Basically, fully convolutional training takes the whole MxM image and produces outputs for all subimages in a single ConvNet forward pass. Patchwise training explicitly crops out the subimages and produces outputs for each subimage in independent forward passes. Therefore, fully convolutional training is usually substantially faster than patchwise training.
So, for fully convolutional training, you make updates like this:
- Input whole MxM image (or multiple images)
- Push through ConvNet -> get an entire map of outputs (maximum size MxM per image, possibly smaller)
- Make updates using the loss of all outputs
Now while this is quite fast, it restricts your training sampling process compared to patchwise training: You are forced to make a lot of updates on the same image (actually, all possible updates for all subimages) during one step of your training. That's why they write that fully convolutional training is only identical to patchwise training, if each receptive field (aka subimage) of an image is contained in a training batch of the patchwise training procedure (for patchwise training, you also could have two of ten possible subimages from image A, three of eight possible subimages from image B, etc. in one batch).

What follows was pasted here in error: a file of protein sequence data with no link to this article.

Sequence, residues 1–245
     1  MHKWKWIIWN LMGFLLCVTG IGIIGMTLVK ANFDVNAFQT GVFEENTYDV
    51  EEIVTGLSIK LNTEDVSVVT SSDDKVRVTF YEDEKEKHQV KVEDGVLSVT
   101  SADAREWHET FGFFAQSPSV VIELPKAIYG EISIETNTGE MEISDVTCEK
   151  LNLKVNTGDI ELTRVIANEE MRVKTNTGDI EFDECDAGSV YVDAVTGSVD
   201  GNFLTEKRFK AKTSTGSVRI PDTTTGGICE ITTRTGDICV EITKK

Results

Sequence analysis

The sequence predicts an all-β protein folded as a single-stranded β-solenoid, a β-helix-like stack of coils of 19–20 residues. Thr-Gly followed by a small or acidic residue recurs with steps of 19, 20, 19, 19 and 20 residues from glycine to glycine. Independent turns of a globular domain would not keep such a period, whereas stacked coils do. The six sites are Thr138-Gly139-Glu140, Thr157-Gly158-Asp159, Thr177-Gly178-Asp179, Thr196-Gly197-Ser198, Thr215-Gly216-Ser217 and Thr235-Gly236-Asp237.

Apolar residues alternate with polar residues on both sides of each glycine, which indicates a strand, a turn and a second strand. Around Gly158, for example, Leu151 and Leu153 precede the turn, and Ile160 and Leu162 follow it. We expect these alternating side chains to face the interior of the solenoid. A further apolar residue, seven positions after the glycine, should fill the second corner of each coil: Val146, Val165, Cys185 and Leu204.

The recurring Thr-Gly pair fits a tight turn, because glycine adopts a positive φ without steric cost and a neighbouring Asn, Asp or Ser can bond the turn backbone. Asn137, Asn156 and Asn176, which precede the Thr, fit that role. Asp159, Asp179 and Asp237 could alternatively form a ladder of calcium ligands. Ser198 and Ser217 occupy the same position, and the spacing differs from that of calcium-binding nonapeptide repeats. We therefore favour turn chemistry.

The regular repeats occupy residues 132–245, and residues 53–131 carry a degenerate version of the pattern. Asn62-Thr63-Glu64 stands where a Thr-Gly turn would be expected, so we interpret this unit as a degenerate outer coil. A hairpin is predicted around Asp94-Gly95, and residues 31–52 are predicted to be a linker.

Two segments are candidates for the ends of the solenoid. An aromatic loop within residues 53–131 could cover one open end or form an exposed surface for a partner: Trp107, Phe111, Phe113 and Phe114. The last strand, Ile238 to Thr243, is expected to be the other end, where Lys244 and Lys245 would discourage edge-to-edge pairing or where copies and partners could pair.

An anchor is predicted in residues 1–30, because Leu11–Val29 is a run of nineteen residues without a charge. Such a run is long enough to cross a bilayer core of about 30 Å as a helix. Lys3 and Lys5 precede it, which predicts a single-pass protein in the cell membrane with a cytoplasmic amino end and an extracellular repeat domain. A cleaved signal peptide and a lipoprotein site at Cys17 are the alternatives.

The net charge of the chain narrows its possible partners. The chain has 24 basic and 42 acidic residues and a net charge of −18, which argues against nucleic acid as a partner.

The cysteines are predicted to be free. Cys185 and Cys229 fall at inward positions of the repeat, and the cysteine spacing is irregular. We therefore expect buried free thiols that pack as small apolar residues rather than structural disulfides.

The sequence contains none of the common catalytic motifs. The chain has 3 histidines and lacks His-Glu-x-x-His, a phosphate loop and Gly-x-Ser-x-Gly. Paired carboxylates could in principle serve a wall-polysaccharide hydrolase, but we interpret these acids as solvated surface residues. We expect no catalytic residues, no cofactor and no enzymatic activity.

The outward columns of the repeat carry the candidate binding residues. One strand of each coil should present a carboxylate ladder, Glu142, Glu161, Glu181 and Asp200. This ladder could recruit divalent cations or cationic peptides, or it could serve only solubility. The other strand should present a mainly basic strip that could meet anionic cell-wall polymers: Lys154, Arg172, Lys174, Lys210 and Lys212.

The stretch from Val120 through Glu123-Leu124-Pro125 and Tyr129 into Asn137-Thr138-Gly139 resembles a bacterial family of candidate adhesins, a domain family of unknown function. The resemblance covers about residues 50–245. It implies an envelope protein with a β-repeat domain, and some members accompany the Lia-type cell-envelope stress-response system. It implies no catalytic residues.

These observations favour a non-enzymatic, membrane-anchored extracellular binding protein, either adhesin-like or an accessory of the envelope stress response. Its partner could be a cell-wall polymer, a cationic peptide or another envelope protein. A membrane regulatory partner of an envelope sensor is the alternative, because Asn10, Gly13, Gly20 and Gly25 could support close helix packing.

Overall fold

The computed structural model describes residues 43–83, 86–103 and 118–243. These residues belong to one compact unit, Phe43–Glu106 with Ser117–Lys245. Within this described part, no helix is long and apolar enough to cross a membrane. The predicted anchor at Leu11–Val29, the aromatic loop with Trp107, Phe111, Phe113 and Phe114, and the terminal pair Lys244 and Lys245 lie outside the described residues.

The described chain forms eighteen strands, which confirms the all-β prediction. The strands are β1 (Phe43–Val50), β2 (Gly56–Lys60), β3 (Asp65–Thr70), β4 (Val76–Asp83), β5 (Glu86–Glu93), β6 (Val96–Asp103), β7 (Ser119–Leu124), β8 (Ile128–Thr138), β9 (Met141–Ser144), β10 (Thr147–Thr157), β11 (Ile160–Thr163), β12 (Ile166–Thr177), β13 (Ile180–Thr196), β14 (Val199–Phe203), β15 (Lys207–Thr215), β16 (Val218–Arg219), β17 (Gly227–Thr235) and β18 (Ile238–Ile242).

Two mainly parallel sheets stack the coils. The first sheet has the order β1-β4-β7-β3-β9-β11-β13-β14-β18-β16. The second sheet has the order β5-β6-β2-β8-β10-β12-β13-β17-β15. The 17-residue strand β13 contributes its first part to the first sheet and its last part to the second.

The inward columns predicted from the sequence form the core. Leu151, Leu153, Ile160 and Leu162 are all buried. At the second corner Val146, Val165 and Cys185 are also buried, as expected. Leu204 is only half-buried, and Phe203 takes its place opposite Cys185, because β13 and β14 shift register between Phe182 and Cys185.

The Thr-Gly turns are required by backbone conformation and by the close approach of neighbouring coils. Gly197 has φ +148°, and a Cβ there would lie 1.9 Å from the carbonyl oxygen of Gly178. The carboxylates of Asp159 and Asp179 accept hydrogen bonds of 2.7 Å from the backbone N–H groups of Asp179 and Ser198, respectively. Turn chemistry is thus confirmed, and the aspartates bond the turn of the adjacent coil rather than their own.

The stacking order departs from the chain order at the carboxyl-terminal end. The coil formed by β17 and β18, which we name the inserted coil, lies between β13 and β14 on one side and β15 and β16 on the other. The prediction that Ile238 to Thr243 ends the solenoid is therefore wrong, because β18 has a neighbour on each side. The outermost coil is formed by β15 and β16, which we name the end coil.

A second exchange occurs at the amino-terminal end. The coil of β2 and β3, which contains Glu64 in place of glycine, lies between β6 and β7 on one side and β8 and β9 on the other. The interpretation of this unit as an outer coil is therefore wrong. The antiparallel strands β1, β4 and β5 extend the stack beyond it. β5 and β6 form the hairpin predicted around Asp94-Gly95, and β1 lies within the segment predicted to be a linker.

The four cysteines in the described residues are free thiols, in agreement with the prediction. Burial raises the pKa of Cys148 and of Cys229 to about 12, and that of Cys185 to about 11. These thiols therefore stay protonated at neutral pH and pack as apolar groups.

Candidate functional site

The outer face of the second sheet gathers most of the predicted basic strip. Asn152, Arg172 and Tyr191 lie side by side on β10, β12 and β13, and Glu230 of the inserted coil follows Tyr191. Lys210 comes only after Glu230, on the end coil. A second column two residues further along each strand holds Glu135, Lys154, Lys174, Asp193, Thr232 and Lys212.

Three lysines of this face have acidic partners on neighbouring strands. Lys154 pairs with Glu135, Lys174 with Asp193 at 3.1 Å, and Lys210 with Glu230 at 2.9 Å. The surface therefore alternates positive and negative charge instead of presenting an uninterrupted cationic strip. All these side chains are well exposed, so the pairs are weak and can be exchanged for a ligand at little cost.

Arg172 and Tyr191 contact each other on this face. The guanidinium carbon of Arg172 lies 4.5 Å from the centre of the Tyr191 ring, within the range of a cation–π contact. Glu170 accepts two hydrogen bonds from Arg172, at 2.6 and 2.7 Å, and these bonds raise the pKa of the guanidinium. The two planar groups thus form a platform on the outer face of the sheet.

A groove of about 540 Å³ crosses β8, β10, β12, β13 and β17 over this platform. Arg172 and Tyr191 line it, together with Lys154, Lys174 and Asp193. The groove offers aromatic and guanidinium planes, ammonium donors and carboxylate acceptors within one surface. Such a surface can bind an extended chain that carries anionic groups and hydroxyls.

Then, they argue that by not using all outputs during fully convolutional training, you get closer to patchwise training again (since you are not making all possible updates for all subimages of an image in a single training step). However, you waste some of the computation. Also, in Section 4.4/Figure 5, they describe that making all possible updates works just fine and there is no need to ignore some outputs.